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The visit by South Korean president Lee Myung Bak to a disputed island was called "totally unacceptable" by Japanese Prime Minister Yoshihiko Noda.
South Korean president Lee Myung-bak flew to disputed islands in the Sea of Japan (known in Korea as the East Sea) today, prompting a wave of outrage from the Japanese government who also lay claim the islands, the BBC reports.
The islands — called the Liancourt Rocks in English, but known as Dokdo in South Korea and Takeshima in Japan — lie roughly half way between the countries.
South Korea has had a coastguard detachment on the islands since 1954, and two Koreans live there permanently (an octopus fisherman and his wife) but Lee is the first South Korean president to visit the island. The dispute has raged for centuries — in 2010 a South Korean historian used maps to argue the islands were rightfully Korean.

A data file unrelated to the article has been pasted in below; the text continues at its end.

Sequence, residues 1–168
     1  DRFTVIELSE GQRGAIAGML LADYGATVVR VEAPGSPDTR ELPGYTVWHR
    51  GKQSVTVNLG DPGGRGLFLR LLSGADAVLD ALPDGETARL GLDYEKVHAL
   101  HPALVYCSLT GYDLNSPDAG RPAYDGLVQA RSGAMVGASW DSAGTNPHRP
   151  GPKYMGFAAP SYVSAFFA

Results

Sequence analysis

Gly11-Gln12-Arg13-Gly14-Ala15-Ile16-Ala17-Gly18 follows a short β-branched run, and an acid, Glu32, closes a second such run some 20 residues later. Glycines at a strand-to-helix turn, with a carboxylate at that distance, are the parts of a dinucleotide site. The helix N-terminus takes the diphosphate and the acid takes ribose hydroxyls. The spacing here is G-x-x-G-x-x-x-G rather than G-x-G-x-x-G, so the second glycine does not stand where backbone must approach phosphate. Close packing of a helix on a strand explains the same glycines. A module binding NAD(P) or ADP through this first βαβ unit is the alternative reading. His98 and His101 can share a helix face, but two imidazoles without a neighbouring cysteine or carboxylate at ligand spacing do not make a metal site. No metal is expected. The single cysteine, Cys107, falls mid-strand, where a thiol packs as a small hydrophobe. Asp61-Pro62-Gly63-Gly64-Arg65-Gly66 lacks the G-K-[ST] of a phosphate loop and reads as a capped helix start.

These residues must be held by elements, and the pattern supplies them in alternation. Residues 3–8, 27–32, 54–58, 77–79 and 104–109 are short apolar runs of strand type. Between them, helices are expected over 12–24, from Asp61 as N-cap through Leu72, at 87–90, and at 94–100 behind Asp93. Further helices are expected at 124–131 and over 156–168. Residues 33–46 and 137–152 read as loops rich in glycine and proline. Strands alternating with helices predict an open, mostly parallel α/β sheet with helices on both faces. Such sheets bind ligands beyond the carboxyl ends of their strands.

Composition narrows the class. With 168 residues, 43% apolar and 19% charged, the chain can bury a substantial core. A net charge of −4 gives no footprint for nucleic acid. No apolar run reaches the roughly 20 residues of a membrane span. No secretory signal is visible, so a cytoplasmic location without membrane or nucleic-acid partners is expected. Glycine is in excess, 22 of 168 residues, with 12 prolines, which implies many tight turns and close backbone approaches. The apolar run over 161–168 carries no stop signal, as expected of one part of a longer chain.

Japanese Prime Minister Yoshihiko Noda called the visit "totally unacceptable" and has temporally recalled its ambassador to South Korea, Kyodo reports.
The islands are just one of many territorial disputes currently playing out in the Asia. The South China Sea in particular is rich in natural resources and good for fishing, and China, Vietnam, Taiwan, Malaysia, the Philippines and even India are also involved in a number of disputes. Last month China sent its largest ever fleet to a disputed area, and recently announced a new city on a barely inhabited island.
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